By: Carol Krucoff, C-IAYT, E-RYT
Yoga is a powerful form of mind-body medicine that approaches health in a holistic manner, recognizing that physical ailments also have emotional, mental and spiritual components. But unlike a yoga class, where the teacher guides a group of students through a practice, a yoga therapy session is focused on just one person—you. In addition, yoga therapists have extensive training in adapting the practices of yoga—such as postures, breathing and meditation—to suit the individual needs of their clients. No yoga experience is required. And despite the common misconception that you need to be flexible to practice yoga, yoga therapy can help people who have limited mobility, as well as people who are active. All you need to be able to do to practice yoga is breathe.
A growing body of evidence suggests that yoga offers numerous health benefits such as:
While all yoga is potentially therapeutic and healing, yoga therapy is the specific application of yogic tools to address your individual needs. During a yoga therapy session, the yoga therapist will work with you to create a personalized practice designed to help you reach your health goals. Working one-on-one with a yoga therapist can be particularly useful for people who are new to a yoga practice and those who have health challenges.
1. Deep listening. The initial session is 90 minutes and begins with an in-depth conversation designed to help the yoga therapist understand your health challenges, history, concerns, interests, and goals.
2. Breathing and movement instruction. You will be guided through some simple movement and breathing practices to assess your strength, flexibility, and balance as well as your habits of body and mind.
3. Creation of a personalized practice. The yoga therapist will create a personalized yoga practice designed to suit your abilities, health goals, medical challenges, interests and time. This may include postures, breathing techniques, and meditation, as well as the application of yogic principles such as gratitude and non-harming.
4. Practice instruction. After guiding you through your practice, the yoga therapist will provide materials (handouts and sometimes audio and/or video recordings) to help you practice regularly at home.
5. Return sessions. Follow-up sessions are 60 minutes and will help refine your practice and, as you become more skilled—and/or your needs change—offer modifications and/or new material.
It’s important to recognize that, while yoga has great power to heal, it only works if you practice! Because regular practice is essential to gain the benefits of yoga, it’s helpful to plan on three to six yoga therapy sessions to get you started and offer support as you establish your home yoga practice. After this initial period, some individuals enjoy having regular sessions, monthly or weekly. Others return for occasional “touch-up” visits.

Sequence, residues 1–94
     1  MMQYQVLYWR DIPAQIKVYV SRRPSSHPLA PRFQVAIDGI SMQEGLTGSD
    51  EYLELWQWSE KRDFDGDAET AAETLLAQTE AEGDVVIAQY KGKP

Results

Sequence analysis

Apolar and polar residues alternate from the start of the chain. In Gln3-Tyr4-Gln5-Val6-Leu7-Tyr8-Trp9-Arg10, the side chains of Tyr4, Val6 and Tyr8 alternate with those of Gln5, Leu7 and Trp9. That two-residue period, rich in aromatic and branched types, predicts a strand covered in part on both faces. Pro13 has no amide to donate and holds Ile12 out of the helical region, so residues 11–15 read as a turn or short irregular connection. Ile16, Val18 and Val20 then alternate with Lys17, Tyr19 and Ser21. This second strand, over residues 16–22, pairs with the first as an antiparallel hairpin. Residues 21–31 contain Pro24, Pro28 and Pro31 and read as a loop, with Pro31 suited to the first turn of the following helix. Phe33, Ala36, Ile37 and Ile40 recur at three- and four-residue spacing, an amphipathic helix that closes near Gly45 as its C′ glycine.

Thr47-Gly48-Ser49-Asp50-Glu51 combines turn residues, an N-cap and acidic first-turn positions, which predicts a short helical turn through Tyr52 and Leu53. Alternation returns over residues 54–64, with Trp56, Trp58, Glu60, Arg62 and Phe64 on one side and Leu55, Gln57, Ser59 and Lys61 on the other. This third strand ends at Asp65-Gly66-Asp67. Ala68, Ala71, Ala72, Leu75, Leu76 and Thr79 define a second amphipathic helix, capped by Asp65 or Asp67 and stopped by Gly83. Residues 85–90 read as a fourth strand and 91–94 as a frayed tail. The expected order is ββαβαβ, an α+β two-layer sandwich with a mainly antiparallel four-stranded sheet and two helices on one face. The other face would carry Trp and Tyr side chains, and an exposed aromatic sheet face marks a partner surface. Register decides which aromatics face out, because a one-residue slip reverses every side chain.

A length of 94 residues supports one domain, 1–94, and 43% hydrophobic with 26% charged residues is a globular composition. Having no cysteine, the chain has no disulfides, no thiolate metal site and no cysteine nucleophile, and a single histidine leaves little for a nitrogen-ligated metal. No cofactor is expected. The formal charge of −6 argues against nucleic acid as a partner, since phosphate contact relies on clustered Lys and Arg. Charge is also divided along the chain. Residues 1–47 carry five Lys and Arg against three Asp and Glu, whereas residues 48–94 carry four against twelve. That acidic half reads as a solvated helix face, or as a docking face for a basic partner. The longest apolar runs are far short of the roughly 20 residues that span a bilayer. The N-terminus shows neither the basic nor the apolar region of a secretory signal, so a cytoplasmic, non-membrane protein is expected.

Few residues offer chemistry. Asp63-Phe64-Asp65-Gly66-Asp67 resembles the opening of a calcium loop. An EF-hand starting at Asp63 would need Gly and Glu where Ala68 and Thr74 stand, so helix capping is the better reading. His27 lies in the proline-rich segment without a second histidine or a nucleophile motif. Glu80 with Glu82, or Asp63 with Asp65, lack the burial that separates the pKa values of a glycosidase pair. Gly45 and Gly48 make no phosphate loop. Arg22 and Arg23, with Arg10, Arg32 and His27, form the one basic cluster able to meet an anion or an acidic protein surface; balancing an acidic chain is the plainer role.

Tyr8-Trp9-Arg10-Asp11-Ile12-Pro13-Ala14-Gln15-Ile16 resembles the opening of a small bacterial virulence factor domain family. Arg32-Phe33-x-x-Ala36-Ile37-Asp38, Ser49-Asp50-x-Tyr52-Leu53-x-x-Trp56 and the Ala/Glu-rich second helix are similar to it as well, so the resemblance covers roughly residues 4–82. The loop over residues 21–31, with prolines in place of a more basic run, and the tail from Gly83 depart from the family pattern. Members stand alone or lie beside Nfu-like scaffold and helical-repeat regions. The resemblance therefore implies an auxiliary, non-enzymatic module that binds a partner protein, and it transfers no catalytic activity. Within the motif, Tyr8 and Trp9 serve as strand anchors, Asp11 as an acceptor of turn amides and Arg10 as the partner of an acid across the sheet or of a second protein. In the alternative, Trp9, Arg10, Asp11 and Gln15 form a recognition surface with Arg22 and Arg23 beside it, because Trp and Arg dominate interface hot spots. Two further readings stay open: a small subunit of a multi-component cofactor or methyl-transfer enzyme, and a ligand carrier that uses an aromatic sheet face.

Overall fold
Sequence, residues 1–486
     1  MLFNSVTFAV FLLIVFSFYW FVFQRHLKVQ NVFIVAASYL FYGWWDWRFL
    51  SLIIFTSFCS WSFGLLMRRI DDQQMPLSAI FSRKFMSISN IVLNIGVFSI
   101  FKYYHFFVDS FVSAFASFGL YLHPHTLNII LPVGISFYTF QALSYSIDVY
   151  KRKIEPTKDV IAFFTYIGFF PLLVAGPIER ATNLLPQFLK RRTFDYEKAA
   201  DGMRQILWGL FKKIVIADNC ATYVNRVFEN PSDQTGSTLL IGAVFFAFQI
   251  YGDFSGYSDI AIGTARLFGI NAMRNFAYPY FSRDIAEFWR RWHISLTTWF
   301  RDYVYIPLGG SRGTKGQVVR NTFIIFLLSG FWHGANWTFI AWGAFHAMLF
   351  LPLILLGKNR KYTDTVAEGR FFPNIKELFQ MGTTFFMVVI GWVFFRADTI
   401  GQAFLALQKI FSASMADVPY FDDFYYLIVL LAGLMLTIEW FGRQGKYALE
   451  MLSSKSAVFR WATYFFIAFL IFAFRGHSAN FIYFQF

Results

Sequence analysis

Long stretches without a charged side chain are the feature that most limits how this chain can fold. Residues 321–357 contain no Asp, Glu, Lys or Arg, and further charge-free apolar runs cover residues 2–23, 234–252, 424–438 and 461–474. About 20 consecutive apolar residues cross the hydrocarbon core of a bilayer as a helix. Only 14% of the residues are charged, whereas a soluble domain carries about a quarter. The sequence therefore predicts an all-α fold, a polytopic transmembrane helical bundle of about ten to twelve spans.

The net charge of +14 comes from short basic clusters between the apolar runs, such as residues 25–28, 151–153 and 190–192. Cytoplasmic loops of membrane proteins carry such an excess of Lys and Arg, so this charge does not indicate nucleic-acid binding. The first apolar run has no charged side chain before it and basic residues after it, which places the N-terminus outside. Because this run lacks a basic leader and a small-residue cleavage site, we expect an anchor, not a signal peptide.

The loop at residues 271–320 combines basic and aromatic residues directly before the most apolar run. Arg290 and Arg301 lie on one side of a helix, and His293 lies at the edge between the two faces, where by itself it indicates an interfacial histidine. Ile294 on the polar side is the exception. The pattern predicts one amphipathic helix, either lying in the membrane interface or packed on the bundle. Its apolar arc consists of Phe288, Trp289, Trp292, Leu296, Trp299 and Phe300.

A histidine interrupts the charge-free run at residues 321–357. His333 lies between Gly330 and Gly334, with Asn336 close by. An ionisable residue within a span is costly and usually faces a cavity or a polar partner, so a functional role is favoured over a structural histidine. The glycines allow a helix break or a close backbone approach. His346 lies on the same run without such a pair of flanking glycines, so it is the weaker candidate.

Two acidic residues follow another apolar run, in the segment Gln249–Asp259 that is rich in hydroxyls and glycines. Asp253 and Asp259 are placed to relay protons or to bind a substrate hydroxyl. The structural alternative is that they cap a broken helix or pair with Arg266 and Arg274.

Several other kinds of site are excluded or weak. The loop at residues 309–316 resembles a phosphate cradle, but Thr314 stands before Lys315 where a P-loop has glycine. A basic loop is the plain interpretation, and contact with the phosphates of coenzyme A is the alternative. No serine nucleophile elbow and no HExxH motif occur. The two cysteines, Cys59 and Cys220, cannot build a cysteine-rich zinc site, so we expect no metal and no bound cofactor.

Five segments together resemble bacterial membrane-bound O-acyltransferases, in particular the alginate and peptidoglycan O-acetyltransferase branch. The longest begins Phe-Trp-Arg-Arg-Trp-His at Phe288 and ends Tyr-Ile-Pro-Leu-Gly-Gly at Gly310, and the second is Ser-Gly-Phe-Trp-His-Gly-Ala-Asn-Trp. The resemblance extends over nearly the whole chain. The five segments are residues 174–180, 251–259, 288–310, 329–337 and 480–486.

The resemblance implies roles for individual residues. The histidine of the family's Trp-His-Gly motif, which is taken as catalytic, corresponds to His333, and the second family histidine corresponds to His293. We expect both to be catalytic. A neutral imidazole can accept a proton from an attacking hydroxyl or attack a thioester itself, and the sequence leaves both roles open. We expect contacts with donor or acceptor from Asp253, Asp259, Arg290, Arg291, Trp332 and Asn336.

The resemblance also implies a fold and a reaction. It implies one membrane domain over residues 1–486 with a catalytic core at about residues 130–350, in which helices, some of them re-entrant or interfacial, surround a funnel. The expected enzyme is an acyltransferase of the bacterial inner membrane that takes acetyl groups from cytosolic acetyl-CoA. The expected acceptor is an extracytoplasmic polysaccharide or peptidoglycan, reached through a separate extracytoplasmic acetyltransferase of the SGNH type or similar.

In these stressful times, having a regular yoga practice can be an invaluable way to cultivate wellbeing. And it doesn’t have to take a lot of time. Even just 15 to 20 minutes a day of yoga will help you stretch and strengthen your body, relax your mind, and lift your spirits.
About Individual Yoga Therapy at Duke Integrative Medicine – Now Offering Virtual Appointments.
Yoga Therapy at Duke Integrative Medicine adapts the practices of yoga, such as postures and relaxation breathing, to suit the individual needs of people with health challenges. No yoga experience is required, as the yoga therapist will individually tailor a practice designed to help you reach your health goals. We begin with a discussion about your health concerns, then work with you to create a personalized practice that suits your abilities, health challenges, interests, and time. Our individual yoga therapy sessions will empower you to progress toward greater health and well-being. We are now offering virtual visits.
About Carol Krucoff, C-IAYT, E-RYT
Carol Krucoff is a Yoga Therapist, certified by the International Association of Yoga Therapists, and an experienced, registered yoga teacher with the Yoga Alliance. She is co-director of the Integrative Yoga for Seniors Professional Trainings, and author of several books on yoga and health including “Relax into Yoga for Seniors,” and “Yoga Sparks: 108 Easy Practices for Stress Relief in a Minute or Less.” In addition to offering yoga therapy, Carol teaches Duke Integrative Medicine’s Gentle Yoga and Chair Yoga online drop-in classes.
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